Air Force vs Defence Priorities
DON McLEOD
© 2005 FrontLine Defence (Vol 2, No 3)

Canada’s new Defence Policy is a bold and innovative approach to peace and security in the 21st century. Rightly so, the CF must abandon Cold War thinking to be more operationally oriented, and thus have a greater ability to react to emerging threats, both at home and abroad – especially in light of 9/11. For the first time in a long time, the CF has that operational expertise to accomplish its roles.

However, even if there is the influx of defence dollars as projected, the CF, and especially the Air Force, is still well into rust out. It will take many years of careful, well-planned spending to bring the Air Force anywhere close to satisfying much-needed requirements. Yes, there is CF-18 modernization. There is the CP-140 Aurora update. However, before money is committed to new initiatives, Fixed-Wing SAR has to be fast-tracked. This project received Treasury Board approval over fourteen months ago and the project now seems to be stalled.

Strategic airlift must be moved off of top dead center and moved along expeditiously. While the talk of leased aircraft may seem like a quick and dirty solution for moving critical troops and equipment, it is a myth, from both a practical and cost-effective perspective. The RAF had leased four C-17s but found it to not be cost-effective. That being said, CF personnel currently on exchange with the United States Air Force are flying the C-17 and they find it to be a proven and acceptable platform, albeit not the only possibility. Some time ago, strategic lift was supported all the way to Treasury Board approval, however, Jean Chrétien, Prime Minister at the time, cancelled the programme as too expensive.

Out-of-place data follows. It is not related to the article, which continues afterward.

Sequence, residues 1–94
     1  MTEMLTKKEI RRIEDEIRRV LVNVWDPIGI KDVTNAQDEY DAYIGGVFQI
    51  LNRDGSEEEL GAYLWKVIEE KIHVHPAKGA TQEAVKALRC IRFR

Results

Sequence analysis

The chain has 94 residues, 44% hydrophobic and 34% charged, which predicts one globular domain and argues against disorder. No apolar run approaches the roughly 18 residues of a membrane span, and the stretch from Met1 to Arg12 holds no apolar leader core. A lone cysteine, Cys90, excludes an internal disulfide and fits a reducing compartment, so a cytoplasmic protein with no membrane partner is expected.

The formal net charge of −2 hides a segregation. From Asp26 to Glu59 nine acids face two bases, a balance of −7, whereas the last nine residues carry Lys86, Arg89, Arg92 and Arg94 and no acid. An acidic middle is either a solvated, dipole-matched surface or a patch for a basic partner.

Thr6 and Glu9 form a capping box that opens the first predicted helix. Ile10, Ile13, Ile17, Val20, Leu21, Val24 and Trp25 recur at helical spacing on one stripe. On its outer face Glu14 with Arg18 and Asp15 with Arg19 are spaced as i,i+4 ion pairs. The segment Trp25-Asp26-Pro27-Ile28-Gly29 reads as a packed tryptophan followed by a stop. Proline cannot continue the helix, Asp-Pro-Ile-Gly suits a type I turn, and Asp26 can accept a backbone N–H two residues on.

NATO countries are not able to commit to assured heavy airlift. There are simply not enough assets. All countries are struggling for airlift capability and there are many more countries vying for the capability on a lease basis than there is capacity. Why is Canada not looking at procuring and then leasing its services to its allies – much as we now do with NATO flying training in Canada?

Canada needs to look at both tactical and strategic airlift and it has to do it now. Any school child can tell you that any military needs to be able to move ­personnel and equipment within any of the defence review scenarios. While our main defence objective is to assist “failed and failing states” in a “three-block war,” we must not “throw the baby out with the bath water.” Canada must maintain flexible, general purpose Forces that are able to adapt to any future scenarios ­without cost-prohibitive, long-lead-time personnel and equipment limitations.

In addition, the Air Force has been handcuffed by an infrastructure base that is sucking operational dollars. In a combination of crumbling 1950’s era buildings and excess Bases, the infrastructure tail is restricting critical operational capability.

Canada’s Air Force has reached its critical mass. It is now half the size it was 10-15 years ago and it has twice as many taskings. Leased aircraft and civilian aircrew would reduce the mass significantly until there is no such thing as a viable Air Force. There is no more flexibility to move aircrew between fleets or to cross-train. The same applies to groundcrew. The Air Force has recently stood down three squadrons in an effort to reassign personnel resources. The Air Force is fragile. There is nothing left to give.

All three environments require a significant increase in resources. No one element is more important than the other in terms of operational commitment. Canada must have an adaptable, effective, balanced military, or we have no military capability at all.

Finally there is a vision for the CF, however, we must be certain to ensure it will survive the test of time – at least in the near future.

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Col (ret) Don W McLeod is currently the National President of the Air Force Association of Canada.
This article is a synopsis of his recent presentation to the Senate Standing Com­mittee on National Security and Defence.
© FrontLine Defence 2005

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